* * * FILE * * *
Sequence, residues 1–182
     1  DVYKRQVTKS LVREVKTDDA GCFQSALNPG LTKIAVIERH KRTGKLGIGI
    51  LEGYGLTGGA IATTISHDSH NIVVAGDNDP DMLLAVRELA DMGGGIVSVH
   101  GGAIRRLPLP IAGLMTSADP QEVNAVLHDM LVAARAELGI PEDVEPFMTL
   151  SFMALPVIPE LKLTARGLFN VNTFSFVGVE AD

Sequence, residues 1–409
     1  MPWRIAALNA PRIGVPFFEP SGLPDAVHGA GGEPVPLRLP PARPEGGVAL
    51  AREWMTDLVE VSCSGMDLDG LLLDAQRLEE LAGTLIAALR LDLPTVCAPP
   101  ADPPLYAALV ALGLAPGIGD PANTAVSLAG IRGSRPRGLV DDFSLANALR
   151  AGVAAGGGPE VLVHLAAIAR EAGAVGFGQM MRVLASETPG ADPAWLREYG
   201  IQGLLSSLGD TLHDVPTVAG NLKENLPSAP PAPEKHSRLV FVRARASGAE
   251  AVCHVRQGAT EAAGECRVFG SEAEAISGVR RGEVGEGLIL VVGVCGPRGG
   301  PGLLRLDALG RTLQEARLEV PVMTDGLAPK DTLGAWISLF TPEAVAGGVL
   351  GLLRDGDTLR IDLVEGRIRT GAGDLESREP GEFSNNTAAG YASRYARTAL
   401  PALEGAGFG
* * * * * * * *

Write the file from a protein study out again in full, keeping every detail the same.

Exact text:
Sequence, residues 1–182
     1  DVYKRQVTKS LVREVKTDDA GCFQSALNPG LTKIAVIERH KRTGKLGIGI
    51  LEGYGLTGGA IATTISHDSH NIVVAGDNDP DMLLAVRELA DMGGGIVSVH
   101  GGAIRRLPLP IAGLMTSADP QEVNAVLHDM LVAARAELGI PEDVEPFMTL
   151  SFMALPVIPE LKLTARGLFN VNTFSFVGVE AD

Sequence, residues 1–409
     1  MPWRIAALNA PRIGVPFFEP SGLPDAVHGA GGEPVPLRLP PARPEGGVAL
    51  AREWMTDLVE VSCSGMDLDG LLLDAQRLEE LAGTLIAALR LDLPTVCAPP
   101  ADPPLYAALV ALGLAPGIGD PANTAVSLAG IRGSRPRGLV DDFSLANALR
   151  AGVAAGGGPE VLVHLAAIAR EAGAVGFGQM MRVLASETPG ADPAWLREYG
   201  IQGLLSSLGD TLHDVPTVAG NLKENLPSAP PAPEKHSRLV FVRARASGAE
   251  AVCHVRQGAT EAAGECRVFG SEAEAISGVR RGEVGEGLIL VVGVCGPRGG
   301  PGLLRLDALG RTLQEARLEV PVMTDGLAPK DTLGAWISLF TPEAVAGGVL
   351  GLLRDGDTLR IDLVEGRIRT GAGDLESREP GEFSNNTAAG YASRYARTAL
   401  PALEGAGFG